Children’s Health Scotland has welcomed the opportunity to respond to the Scottish Government’s consultation on the revised National Guidance for Child Protection in Scotland 2020. The Consultation has asked for views on updated National Guidance for Child Protection in Scotland, which will replace the current National Guidance published in 2014.
It describes the responsibilities and expectations of everyone who works with children, young people and their families in Scotland and sets out how agencies should work together with children, young people, parents, families and communities to protect children from abuse, neglect and exploitation.
Commenting on the consultation submission by Children’s Health Scotland, Helen Forrest, Chief Executive said: “We have welcomed the opportunity to be part of the consultation process on the revised National Guidance for Child Protection which is comprehensive and should provide detail and guidance for those seeking advice on aspects of practice. It is our view that UNCRC Article 24, which recognises the right of the child to the enjoyment of the highest attainable standard of health and to facilities for the treatment of illness and rehabilitation of health, is consistently undermined by poverty and disadvantage. Also, the lives of children and young people with long-term or chronic health conditions are very complex and can involve a variety of health and education practitioners. As such, it is critically important to continually listen and respect the views and experiences of these children and young people – to hear their voices and ensure their rights to the best possible health are upheld.
The revised National Guidance for Child Protection aims to:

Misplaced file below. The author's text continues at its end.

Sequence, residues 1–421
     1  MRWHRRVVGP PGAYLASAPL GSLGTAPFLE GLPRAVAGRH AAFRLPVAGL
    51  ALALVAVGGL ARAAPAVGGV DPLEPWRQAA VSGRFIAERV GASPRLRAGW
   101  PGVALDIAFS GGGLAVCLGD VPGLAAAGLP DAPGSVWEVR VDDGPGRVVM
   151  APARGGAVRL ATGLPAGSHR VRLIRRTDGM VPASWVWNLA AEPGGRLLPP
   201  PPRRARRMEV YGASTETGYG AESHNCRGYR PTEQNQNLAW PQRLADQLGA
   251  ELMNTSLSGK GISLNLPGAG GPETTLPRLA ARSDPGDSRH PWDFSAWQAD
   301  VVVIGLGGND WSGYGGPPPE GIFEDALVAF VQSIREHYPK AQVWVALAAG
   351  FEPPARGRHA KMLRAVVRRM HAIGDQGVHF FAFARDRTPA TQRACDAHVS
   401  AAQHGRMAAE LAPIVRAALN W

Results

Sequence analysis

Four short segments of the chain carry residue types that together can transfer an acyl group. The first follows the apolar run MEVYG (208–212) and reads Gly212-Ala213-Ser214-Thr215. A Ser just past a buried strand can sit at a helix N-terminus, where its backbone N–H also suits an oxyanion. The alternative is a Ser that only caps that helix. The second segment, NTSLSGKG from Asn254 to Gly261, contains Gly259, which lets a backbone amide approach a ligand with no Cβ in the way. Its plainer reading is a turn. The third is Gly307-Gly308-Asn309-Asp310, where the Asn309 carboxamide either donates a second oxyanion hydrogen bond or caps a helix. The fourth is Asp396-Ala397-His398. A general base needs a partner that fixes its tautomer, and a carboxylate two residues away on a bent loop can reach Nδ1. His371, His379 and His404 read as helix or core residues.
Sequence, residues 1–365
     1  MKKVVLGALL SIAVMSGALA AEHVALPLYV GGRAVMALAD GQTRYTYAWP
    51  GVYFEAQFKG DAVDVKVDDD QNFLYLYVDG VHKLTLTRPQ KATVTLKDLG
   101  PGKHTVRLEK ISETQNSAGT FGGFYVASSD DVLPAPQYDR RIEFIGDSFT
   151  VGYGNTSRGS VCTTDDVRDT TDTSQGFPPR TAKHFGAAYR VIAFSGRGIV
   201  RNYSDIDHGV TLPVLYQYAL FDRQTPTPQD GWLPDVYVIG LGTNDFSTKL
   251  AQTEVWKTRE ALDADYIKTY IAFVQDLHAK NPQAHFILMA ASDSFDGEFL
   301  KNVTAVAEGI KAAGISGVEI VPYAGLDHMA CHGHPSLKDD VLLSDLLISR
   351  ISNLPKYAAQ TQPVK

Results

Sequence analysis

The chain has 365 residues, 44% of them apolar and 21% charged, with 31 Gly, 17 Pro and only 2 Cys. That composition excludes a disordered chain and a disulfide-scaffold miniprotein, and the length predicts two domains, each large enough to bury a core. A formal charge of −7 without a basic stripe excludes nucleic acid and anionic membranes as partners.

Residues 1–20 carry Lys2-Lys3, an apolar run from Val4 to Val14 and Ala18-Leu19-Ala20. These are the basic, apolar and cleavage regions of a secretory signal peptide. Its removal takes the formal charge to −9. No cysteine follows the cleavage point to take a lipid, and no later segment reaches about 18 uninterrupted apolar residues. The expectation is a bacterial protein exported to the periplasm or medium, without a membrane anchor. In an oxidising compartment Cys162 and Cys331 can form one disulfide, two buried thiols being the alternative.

- be more embedded within Getting it right for every child (GIRFEC).
- respond to a greater breadth of issues relating to child protection.
- find balance between specific situations and broad guidance.
- support the provision of an equal level of support for all children, finding balance between national and local support.
“As the leading children’s health charity in Scotland, Children’s Health Scotland believes the national guidance is generally a comprehensive and well framed guidance document which looks at the child and family in a kind, inclusive and empowered way,” said Zoe Dunhill, Trustee with Children’s Health Scotland and an Independent Child Health Consultant. “There are, however, some areas of concern. Firstly, of critical importance, is that the guidance should make it clear from the outset that transitions, and any associated planning, belong to the child or young person. Transition is a process not an event. As such, it involves many services, agencies, and people. It is vital that the process is managed through the application of robust and coordinated plans to ensure that all children and young people get the personal support, information, and resources they require.
“In relation to home-schooling, we have asked that the guidance reflects our concern that children may have their right to the best health possible health withheld if there is no adequate surveillance of home-schooled children and young people. We have requested that home educators and local authorities must work together in the best interests of the child.”
As detailed in the submission by Children’s Health Scotland, the charity has a concern regarding unacceptable risk potentially associated with children with long-term health conditions or who are chronically ill who are home-schooled. If no adequate surveillance exists for these home-schooled children and young people, they may not receive the protection they need because of either neglect or a lack of awareness about aspects of their conditions.
“In relation to children with long-term health conditions either in hospital or at home Children’s Health Scotland would also like to see the European Association for Children in Hospital (EACH) Charter embedded into ‘core element’ thinking within the guidance,” added Helen Forrest. “EACH is currently mapped to the UNCRC and the wellbeing indicators from the GIRFEC approach in our e-Learning resource and can therefore support awareness raising of the health rights of children and young people www.enetlearn.com/childhealthscot.”
CLICK HERE to read our consultation response.